BOOK REVIEW: Yellow by Megan Jacobson
Reviewed by Steph O’Connell
The Setting: A small Australian town near Mount Warning, mid to late nineties.
The Plot: Kirra’s life is going downhill fast. She’s just had a talking to by her friends at school; they don’t like the way she walks, among other things, and they’re trying to show her just how undesirable she is, how much she needs them. Her dad moved out three months ago and is living with his four-month-pregnant girlfriend. Her mum is attempting to drown the pain and is drinking herself
slowly to death. Oh, but don’t worry, the ghost of a teenage boy who haunts a broken phone booth is going to help her fix her life, but only if she’ll bring his murderer to justice.
It’s an old Telstra telephone booth that sits beside a disused track. The glass has been long smashed, used chewing gum is shoved into the coin slot and For a Good Time someone could Call Carly The Dirty Mole, or so says the graffiti scrawled on the back wall in faded texta. The whole thing smells like pissed-out VB. It seems so forgotten and desolate, and yet here it is, ringing to itself.
Nope, nothing insane going on here!
If asked to describe Yellow in three words, I’d have to say tragically, beautifully nostalgic.
There is so much here to love. So much to feel.
You’ll feel protective of Kirra as she deals with the people she thinks are her friends, as they tell her that she needs to be more like them and less like… well, less like her if she wants to stay in their group.
It had been days since anybody talked to me. I’d sit in the group but I’d be a million miles away from their conversations about the beach boys, which Lip Smacker flavour was the best (Can’t-Elope!) and which Spice Girl represented each of us. Cassie and I are both blonde, but she already called called dibs on Baby Spice.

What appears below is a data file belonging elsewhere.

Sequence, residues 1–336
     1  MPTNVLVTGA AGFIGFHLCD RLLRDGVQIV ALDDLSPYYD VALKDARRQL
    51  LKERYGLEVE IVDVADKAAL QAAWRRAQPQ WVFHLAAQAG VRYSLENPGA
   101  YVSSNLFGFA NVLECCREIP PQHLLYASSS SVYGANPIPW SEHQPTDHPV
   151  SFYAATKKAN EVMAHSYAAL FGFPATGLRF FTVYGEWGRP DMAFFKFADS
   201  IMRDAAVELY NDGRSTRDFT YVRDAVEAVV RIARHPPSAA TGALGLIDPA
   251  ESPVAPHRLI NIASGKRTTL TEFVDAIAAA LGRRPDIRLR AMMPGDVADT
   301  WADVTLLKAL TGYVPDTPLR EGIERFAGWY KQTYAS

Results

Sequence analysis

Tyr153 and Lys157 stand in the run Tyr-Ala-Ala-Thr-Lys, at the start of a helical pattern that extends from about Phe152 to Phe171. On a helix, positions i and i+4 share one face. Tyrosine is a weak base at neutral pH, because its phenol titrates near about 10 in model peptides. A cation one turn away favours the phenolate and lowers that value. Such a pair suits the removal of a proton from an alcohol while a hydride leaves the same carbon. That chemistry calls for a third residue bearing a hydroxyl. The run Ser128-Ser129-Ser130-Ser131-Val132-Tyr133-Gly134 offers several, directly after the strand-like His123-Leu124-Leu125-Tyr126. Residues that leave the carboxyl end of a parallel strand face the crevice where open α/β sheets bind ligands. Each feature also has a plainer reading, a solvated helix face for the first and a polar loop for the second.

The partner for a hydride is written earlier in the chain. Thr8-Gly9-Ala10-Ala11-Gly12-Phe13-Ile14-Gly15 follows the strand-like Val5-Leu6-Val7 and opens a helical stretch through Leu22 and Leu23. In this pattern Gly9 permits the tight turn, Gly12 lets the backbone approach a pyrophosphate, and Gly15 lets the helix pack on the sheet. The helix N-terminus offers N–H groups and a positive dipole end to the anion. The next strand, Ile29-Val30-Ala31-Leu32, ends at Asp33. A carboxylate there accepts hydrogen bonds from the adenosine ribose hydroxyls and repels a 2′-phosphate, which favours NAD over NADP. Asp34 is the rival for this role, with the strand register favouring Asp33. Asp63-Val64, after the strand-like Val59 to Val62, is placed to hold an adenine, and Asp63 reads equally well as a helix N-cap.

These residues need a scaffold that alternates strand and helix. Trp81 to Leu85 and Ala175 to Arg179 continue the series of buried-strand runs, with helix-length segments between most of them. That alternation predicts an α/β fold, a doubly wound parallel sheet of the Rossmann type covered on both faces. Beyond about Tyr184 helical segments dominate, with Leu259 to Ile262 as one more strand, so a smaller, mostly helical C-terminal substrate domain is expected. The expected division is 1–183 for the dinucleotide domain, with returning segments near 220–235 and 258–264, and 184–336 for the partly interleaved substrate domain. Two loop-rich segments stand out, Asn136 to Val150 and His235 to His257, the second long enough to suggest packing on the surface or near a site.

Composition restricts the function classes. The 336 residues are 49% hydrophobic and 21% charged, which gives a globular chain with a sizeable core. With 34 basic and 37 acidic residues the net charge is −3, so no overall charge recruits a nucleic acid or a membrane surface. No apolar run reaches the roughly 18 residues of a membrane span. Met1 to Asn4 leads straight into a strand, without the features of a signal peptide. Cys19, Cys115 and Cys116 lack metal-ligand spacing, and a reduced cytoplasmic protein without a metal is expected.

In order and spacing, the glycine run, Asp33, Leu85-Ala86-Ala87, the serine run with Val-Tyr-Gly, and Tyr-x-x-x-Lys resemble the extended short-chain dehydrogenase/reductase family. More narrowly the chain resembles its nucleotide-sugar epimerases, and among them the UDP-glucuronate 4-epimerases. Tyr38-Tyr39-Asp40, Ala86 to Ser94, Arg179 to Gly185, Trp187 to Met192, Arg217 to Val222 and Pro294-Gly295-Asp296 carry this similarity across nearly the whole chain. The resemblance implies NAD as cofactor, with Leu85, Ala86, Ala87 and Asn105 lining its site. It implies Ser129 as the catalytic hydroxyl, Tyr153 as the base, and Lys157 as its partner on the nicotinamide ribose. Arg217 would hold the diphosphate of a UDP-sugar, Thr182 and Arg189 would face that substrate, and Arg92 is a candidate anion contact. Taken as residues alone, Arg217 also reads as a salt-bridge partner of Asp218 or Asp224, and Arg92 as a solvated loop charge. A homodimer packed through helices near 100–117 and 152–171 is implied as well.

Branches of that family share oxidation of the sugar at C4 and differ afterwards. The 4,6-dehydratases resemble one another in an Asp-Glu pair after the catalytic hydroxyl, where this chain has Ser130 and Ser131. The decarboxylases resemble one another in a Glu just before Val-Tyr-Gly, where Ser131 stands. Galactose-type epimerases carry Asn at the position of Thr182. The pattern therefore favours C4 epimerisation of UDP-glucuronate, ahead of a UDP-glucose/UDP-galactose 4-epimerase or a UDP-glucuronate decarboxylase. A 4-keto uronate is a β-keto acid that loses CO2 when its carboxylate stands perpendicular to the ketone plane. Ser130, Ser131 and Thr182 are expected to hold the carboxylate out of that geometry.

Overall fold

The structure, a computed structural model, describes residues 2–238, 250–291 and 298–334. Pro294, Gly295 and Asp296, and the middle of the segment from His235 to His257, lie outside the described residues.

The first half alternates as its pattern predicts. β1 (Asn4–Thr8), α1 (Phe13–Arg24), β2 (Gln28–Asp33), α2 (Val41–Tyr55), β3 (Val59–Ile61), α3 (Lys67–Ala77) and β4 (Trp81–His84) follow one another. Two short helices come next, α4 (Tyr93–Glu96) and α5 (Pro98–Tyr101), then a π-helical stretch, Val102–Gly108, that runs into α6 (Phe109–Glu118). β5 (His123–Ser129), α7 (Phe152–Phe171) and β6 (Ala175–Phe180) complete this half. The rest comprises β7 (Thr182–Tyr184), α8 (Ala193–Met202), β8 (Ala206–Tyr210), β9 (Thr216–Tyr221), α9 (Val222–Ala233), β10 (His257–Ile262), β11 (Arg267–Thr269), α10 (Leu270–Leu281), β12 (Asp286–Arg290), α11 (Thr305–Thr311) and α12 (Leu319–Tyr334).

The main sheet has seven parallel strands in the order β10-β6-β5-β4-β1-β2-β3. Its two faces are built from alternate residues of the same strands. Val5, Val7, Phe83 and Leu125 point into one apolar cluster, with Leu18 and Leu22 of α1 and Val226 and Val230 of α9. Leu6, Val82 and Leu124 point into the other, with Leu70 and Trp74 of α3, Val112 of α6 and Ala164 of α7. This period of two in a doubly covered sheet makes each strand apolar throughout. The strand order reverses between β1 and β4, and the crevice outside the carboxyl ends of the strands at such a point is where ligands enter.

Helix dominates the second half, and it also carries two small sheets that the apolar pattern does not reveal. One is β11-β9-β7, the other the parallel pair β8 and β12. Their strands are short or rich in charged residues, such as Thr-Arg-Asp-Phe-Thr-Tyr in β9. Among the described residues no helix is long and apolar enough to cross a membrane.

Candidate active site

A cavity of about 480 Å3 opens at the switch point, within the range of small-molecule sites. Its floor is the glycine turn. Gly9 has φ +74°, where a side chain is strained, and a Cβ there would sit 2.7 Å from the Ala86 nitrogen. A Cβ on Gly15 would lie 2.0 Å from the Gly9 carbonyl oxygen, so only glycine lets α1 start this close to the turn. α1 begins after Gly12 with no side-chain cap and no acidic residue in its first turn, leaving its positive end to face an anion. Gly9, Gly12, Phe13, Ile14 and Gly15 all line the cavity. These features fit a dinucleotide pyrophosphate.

When this happens, you know a Circle is coming. A Circle is one of those torturous rituals that could only have been dreamed up by a mind as sadistic as a fascist dictator or a teenage girl. On second thoughts, even fascist dictators had their limits. It’s like someone is killing you and you have to watch.
You’ll feel your heart ripped out as she looks after her alcoholic mother, looks after her because she’s the only one who cares enough, the only one who stays.
The problem with Lark not even having the decency to skip town when he left us is that this town is too small. Mum and I ran into him when we were doing the groceries and when she saw him standing in the fruit aisle she snatched the eggs from our basket and started throwing them at him, one by one, across the citrus section. I was grabbing her hands and trying to stop her and our fingers were slimy with yolks and she kept slipping from my grip. When he scampered out of the store quick smart she just crumpled, and she looked so small with her head down it was like someone had just tossed an old dress onto the ground, she hardly filled it. She sat there, heaving, in a pile of broken eggshells and slime, with half the town watching on. A manager came over with a mop and a pail and crouched down close to her.
‘You’re going to have to pay for those, ma’am.’
You’ll feel uplifted as she realises that there are people who care for her.